Two new species of a rare ant genus have been discovered in India. The species of the ant genus Ooceraea found in Kerala, and Tamil Nadu add to the diversity of this rare genus. They differ from others of the same genus on the basis of the number of antennal segments.
One of them found in the Periyar Tiger Reserve of Kerala, has been named Ooceraea joshii, in honour of Prof. Amitabh Joshi, a distinguished evolutionary biologist from Jawaharlal Nehru Centre for Advanced Scientific Research (JNCASR) an autonomous institute of the Department of Science & Technology (DST), Government of India.
New species are typically named after some distinguishing attribute or location but are often named after scientists as a means of honouring their research contributions to biology, especially in the fields of evolutionary and organismal biology, ecology or systematics.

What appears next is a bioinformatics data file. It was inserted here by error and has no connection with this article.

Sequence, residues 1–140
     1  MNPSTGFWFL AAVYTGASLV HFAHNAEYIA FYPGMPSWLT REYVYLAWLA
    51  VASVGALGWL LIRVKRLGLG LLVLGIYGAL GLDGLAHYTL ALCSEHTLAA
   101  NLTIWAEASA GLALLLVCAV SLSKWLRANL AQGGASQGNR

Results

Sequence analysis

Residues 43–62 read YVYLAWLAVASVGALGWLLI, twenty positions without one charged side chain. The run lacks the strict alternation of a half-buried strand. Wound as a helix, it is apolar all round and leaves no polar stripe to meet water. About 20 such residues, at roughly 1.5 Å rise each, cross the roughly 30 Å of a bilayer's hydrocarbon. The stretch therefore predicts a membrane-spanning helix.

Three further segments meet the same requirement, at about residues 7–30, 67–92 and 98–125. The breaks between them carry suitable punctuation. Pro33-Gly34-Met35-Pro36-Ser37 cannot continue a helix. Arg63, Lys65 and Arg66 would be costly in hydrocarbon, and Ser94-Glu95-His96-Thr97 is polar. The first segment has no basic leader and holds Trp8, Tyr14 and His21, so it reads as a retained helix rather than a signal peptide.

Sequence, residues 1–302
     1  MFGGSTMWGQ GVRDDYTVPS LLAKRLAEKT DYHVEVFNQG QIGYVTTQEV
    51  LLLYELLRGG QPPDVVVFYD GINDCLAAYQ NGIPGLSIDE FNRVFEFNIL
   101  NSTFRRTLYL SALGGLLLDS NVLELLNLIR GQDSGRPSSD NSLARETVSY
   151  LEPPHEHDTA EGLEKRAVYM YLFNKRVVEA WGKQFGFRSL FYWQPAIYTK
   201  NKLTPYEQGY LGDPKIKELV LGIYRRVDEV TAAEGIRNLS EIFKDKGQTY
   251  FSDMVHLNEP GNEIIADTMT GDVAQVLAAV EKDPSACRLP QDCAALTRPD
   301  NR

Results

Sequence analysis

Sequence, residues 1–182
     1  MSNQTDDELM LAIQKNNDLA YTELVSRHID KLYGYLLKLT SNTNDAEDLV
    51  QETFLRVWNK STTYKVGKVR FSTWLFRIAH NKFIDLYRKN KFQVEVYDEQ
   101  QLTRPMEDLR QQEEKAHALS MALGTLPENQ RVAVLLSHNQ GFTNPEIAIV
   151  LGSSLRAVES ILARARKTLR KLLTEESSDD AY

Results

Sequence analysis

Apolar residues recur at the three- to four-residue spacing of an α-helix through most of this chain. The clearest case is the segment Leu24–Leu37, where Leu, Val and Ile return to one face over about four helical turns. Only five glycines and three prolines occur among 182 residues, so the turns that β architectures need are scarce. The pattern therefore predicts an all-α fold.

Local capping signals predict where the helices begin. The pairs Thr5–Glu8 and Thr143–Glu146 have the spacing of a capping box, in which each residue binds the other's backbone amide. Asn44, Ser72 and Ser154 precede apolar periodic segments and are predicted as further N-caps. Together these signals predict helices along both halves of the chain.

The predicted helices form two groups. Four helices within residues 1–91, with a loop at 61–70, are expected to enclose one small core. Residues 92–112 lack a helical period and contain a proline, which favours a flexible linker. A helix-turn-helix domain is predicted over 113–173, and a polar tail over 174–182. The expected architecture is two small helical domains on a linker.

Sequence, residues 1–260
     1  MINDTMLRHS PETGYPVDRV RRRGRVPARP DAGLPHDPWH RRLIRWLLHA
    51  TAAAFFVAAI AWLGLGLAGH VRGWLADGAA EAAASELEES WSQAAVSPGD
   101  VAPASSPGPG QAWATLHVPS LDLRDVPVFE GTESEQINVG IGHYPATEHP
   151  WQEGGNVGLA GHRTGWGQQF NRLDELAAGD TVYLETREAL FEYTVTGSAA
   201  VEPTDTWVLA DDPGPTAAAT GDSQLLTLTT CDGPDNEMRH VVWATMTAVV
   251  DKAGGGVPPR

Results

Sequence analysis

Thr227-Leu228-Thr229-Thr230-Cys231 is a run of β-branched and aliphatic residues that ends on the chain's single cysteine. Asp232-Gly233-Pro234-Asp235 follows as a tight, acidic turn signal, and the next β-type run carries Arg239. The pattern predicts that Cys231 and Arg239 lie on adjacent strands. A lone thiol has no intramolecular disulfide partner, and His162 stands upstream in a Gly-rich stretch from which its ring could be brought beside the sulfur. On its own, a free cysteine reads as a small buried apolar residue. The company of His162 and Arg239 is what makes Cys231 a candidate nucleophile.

The two new species, the first ones spotted with ten-segmented antennae among this rare genus, were discovered by a team led by Prof. Himender Bharti of Punjabi University, Patiala. The discovery has been published in the journal ZooKeys.
The genus is currently represented by 14 species of which eight possess nine-segmented antennae, while five possess eleven- segmented antennae and one species has recently been reported with eight-segmented antennae. In India, the genus was so far represented by two species with nine- and eleven-segmented antennae respectively.
The newly discovered ant species with ten segmented antennae discovered, establish an old world lineage that contains a species emerging as the only model organism among the ant subfamily.
(With the inputs of Ministry of Science & Technology).